Mission Specialist: Linda M. Godwin (Ph.D.), Linda Godwin was born in Cape Girardeau, Missouri, but considers Jackson, Missouri, to be her hometown. She earned a bachelor of science degree from Southeast Missouri State University in physics and mathematics and an MA and Ph.D. in physics from the University of Missouri, Columbia. While at the University of Missouri, she conducted research in low-temperature condensed matter physics, where she authored and coauthored several scientific papers. She is an instrument-rated private pilot. She joined NASA in 1980 and served as a flight controller and payloads officer in Mission Control for several Shuttle flights. Godwin was selected as an astronaut in 1985 and is currently Deputy Chief of the Astronaut Office. She previously flew as a mission specialist on STS-37.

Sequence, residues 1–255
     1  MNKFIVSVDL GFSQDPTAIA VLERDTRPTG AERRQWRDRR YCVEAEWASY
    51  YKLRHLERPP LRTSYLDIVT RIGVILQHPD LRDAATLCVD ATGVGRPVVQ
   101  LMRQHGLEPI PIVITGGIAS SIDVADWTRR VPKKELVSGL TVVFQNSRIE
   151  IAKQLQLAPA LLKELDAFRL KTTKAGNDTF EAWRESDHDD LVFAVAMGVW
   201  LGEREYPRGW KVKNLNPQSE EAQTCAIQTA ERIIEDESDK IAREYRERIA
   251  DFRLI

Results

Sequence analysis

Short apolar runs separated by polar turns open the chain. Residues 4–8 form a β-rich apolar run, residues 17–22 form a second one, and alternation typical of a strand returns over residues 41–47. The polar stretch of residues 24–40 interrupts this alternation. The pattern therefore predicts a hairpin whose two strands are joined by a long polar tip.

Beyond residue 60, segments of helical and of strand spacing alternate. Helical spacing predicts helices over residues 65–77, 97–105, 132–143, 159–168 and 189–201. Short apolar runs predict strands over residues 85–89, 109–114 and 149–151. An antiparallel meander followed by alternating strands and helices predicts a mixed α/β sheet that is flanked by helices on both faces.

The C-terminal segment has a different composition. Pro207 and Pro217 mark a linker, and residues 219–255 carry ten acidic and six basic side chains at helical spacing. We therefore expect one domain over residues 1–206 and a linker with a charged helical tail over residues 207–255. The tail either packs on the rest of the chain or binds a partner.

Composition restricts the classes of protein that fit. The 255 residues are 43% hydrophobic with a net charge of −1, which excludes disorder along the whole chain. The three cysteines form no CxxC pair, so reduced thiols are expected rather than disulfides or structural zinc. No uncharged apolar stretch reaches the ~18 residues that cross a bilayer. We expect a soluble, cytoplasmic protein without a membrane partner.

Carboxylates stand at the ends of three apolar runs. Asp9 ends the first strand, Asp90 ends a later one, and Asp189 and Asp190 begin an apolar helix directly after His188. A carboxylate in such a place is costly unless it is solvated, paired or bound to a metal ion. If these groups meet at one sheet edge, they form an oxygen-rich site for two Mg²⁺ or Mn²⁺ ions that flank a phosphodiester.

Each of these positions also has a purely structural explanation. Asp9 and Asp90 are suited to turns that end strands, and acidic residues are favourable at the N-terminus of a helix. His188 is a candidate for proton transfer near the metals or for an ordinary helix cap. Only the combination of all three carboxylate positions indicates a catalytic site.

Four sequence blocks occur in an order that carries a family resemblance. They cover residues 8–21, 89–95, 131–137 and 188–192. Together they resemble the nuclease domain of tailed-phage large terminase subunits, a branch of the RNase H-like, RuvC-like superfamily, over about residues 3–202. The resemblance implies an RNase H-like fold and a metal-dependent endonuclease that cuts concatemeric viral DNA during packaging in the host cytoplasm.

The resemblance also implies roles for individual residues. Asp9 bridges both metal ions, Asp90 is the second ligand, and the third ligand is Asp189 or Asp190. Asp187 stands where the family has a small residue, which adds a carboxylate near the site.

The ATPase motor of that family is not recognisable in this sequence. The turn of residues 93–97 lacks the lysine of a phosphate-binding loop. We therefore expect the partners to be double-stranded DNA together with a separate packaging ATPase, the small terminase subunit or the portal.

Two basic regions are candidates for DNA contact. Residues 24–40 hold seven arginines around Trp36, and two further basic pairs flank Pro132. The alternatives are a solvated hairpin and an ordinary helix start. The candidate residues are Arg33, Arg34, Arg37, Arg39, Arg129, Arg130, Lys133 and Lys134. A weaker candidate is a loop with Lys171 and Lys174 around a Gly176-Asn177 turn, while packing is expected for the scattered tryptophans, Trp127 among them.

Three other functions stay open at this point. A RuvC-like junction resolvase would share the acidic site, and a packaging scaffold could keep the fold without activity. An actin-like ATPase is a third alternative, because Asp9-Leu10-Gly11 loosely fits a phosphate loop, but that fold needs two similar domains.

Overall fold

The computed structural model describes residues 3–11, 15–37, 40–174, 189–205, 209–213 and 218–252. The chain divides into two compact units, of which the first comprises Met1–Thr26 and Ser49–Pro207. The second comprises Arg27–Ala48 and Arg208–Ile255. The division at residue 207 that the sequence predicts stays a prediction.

Mission Specialist: Thomas D. Jones (Ph.D.). Thomas David Jones was born in 1955 in Baltimore, Maryland. He earned a bachelor of science degree in basic sciences from the U.S. Air Force Academy and a Ph.D. in planetary sciences from the University of Arizona. He served as a B-52 strategic bomber pilot and aircraft commander, accumulating over 2,000 hours of flight experience. After leaving the Air Force, Jones worked toward his doctorate, using remote sensing to investigate the composition of asteroids and meteorites, and researching the utility of asteroid resources in space exploration. He was a program management engineer for the CIA’s Office of Development and Engineering and later a senior scientist at Science Applications International Corporation, analyzing future missions to Mars, asteroids, and the outer solar system. He was selected as an astronaut by NASA in 1990. This was his first shuttle flight.